How to unblock in Turkey?

John Bennet Last Updated by John Bennet on October 22, 2018 is one of the top travel websites in the world, with close to 29 million listings spread across nearly 140,000 locations in 229 countries and territories worldwide. According to the site’s own marketing department, it is available in 43 languages and customers book upwards of 1.5 million room nights over the course of 24 hours.

The site is not without its controversies, however.  There have been reports of leaked customer data and complaints over unfair trade practices from nations including UK, Germany, and Russia.

No country has been more outspoken against’s practices than Turkey, which installed a ban of the website inside its borders on 30 March 2017 and has yet to lift it. Despite the sanctions against the website, there are still avenues available to safely access and use when you are located inside Turkish borders.

Turkey’s ban of

In March 2017, a Turkish court ordered to be blocked by all of the country’s ISPs based on a dispute with the Association of Turkish Travel Agents (TURSAB). TURSAB claimed in court that was engaged in unfair competition based on its hotel marketing campaigns. released a written statement in its defense which read:

“As an e-commerce and technology company, we are convinced that we contribute to healthy competition in the market by offering Turkish consumers a transparent and easy platform to compare and book accommodation all over the world.” estimates that it has partnerships with some 13,000 Turkish businesses.

In July 2018, the Istanbul 5th Commercial Court of First Instance ruled against and found that the ban will be maintained for the immediate future.

Along with the ban on its website, was fined TRY2.544 million (US$419,613).

TURSAB released a statement saying it pursued the complain to protect its member travel agencies. The statement clarifies that searching for accommodations in Turkey from from around the world is permitted, as is browsing facilities located in other countries. The website goes on to claim that laws specifically defining domestic activities in Turkey are the reason for the filing.

The Virtual Private Network Solution

If you live in Turkey and want to use the domestic hotel service through, your best option to do so safely and securely is to employ a virtual private network (VPN). VPNs allow you to mask your computer’s location and identity for the purpose of privacy as well as unlocking sites blocked by geolocation. A VPN works by downloading its software to your Internet-ready device. When you run the app, it creates a secured, private network between your computer and a remote server located outside your current country. Some VPNs have thousands of servers to pick from, so you can select the one that makes the most sense to you, such as what country it is in, how many people are currently using it, or how fast it is.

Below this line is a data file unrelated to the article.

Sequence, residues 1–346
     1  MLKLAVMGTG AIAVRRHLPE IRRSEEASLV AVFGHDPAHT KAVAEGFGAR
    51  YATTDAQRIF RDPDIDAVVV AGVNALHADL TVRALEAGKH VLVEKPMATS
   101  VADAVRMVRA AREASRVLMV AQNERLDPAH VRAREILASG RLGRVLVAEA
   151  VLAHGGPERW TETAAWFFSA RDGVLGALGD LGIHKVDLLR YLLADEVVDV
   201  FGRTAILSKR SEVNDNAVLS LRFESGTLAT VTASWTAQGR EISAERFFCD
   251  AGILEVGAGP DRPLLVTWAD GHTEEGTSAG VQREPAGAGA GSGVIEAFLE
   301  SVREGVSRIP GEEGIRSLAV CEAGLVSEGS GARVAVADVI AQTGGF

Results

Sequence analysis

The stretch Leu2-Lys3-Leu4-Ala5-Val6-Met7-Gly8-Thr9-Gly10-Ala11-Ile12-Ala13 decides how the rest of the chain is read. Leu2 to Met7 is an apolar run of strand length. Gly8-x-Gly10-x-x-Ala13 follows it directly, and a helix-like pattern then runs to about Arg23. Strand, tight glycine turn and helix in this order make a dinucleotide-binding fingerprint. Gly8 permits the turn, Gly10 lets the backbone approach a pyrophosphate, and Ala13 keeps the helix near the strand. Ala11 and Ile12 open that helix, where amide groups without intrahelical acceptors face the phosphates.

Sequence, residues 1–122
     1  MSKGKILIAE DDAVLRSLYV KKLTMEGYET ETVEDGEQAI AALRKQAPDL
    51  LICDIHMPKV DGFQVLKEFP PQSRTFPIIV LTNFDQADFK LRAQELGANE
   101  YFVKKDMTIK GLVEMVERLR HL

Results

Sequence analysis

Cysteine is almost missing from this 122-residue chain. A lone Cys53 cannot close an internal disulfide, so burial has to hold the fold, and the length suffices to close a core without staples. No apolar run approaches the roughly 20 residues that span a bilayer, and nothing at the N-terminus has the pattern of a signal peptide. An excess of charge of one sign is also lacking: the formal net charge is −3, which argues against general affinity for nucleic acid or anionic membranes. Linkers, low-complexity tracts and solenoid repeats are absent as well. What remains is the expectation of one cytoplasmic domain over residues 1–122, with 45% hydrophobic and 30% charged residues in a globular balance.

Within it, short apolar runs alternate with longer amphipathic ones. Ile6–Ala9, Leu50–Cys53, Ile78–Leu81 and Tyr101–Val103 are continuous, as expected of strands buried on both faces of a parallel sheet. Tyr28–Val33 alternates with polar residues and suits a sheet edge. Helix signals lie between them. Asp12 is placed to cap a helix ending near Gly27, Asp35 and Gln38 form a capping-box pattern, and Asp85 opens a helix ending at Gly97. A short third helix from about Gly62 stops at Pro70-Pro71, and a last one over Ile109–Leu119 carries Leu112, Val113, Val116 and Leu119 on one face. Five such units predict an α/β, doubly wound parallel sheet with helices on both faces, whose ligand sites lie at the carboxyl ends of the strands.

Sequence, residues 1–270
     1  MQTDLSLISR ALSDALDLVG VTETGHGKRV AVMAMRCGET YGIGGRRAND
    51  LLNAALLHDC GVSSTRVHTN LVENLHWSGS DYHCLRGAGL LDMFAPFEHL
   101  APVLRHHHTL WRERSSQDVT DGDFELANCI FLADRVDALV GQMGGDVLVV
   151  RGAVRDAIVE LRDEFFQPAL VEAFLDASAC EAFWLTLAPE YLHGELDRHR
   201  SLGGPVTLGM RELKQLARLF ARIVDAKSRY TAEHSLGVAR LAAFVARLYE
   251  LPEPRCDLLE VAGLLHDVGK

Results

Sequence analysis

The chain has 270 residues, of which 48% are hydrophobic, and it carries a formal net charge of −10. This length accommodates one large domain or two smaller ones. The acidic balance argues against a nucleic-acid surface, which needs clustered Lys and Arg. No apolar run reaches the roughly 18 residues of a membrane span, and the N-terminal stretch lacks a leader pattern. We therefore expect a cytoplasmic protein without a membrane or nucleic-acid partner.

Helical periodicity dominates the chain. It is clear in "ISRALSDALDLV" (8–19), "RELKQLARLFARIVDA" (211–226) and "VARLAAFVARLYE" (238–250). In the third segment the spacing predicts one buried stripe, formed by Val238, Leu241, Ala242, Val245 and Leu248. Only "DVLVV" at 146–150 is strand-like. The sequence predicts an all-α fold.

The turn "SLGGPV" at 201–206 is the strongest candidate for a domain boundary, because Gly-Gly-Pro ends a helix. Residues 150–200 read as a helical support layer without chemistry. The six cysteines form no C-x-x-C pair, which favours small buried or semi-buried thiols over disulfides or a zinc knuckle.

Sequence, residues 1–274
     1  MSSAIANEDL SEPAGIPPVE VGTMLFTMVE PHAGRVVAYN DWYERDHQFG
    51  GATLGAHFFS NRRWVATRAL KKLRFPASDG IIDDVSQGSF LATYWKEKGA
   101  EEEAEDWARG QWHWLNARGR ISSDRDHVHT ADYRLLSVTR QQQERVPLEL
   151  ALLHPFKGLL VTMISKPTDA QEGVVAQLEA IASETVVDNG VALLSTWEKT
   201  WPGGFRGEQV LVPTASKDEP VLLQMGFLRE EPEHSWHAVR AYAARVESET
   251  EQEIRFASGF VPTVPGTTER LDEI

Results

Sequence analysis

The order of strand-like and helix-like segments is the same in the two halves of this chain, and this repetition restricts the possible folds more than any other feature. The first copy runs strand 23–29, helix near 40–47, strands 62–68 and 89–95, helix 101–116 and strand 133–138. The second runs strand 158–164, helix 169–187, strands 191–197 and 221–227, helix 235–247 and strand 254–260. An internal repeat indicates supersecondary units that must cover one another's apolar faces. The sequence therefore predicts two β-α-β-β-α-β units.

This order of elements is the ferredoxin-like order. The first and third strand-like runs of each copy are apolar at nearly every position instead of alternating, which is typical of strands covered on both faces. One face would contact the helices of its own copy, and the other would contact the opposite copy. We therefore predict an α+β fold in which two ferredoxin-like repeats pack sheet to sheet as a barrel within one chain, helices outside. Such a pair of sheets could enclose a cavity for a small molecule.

Once you’re connected, you can begin sending requests to the Internet, including The requests you send are encrypted as they pass from your location to the remote server. There, your information is decrypted and assigned a new IP address. The remote server then sends it on the website of your choice. When you retrieve data from the website, it is sent first to the remote server, where it is encrypted, sent through the private network back to your location, and decrypted for your consumption. In normal practices, if you got onto from a computer located in Turkey and tried to access the domestic hotel reservations page, your ISP would block the connection and give you an error message or a warning page. When you use a VPN, the network between your location and the remote server resembles a subway tunnel. Your ISP knows that there’s a train running through the tunnel, but can’t see what the people look like onboard. Similarly, your ISP can tell that you are connected to the Internet and alternately uploading/downloading data, but it cannot see what websites you are visiting.

For viewing, you should consider VPN providers with strong security systems and a lot of servers in the Turkish region to cut down on slow speeds. NordVPN is one to consider for the task, frequently rated as the best overall service in the industry.  It as more than 4,400 servers spread across 60 countries and 256-bit encryption capacity. ExpressVPN is consistently rated as the fastest service around and has impressive security, but the goods are tempered by a higher price. Meanwhile, Private VPN lives up to its name as a security enforcer, with 2048-bit encryption and a very strict no-logs policy.



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John Bennet
John Bennet is an experienced data and communications engineer and cross-platform copy and content writer and editor with a keen interest in cybersecurity. He has been working with and researching, VPNs and other online privacy tools for many years.